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American Pastoral ()


Pulitzer Prize (Fiction) (1998)

Until this book, I had really hated everything I'd read by Philip Roth.  In particular, I thought it was disgraceful that Portnoy's Complaint (read Orrin's review), which is a genuinely vile book, made the Modern Library Top 100 Novels of the 20th Century.  But I stumbled across a couple of favorable references to American Pastoral by conservative commentators--including David Horowitz who called it the best book of the year.  So I figured I'd give him one more chance.  This book is a vast improvement over his other work and, if editors still did their jobs, it might even have been a great book.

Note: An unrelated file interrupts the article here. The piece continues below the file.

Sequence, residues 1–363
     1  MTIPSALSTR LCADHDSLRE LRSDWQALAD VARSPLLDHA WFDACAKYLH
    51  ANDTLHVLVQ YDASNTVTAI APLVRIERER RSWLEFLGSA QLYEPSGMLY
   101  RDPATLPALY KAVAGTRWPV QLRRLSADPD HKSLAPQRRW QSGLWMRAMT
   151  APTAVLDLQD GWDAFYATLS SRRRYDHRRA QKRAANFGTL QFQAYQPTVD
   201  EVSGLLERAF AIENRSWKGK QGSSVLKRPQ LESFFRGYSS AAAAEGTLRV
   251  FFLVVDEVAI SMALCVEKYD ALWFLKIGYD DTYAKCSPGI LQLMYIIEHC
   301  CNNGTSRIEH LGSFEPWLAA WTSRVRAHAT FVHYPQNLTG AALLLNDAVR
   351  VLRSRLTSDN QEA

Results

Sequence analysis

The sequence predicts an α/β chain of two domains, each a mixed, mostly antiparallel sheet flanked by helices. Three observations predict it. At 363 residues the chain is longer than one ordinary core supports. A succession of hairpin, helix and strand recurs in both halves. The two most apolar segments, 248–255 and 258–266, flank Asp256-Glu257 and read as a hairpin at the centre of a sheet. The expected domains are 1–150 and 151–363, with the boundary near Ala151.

Nathan Zuckerman, Roth's fictional alter ego, introduces the tale of Seymour "Swede" Levov, star athlete and all-around golden boy of Weequahic High School in the 1940's.  After serving in WWII, the hard working, eminently decent Swede marries Miss New Jersey 1949, takes over his Dad's glove factory in Newark and lives a seemingly idyllic upper middle class existence, even moving to a spacious estate in Morris County.  But as we soon find out, something horrible happened to the Levov's which puts the lie to this fairy tale version of the American Dream.  In 1968, Swede's beloved teenage daughter Merry, who had become increasingly politicized and radical in the midst of the Vietnam War years, planted a bomb at the local post office--it's not even a government building, just an adjunct to a country store--and the explosion killed a man.  Afterwards, she went on the lam and Swede only saw her once more, a bedraggled, twice-raped, snaggle-toothed, Jainist parody of his image of his innocent lost daughter. Despite his earnest efforts to lead a good life and be an honorable man, he must confront the fact that he raised a terrorist, whose bomb blew away not merely a building and a neighbor, but Swede's own grasp on the meaning of life.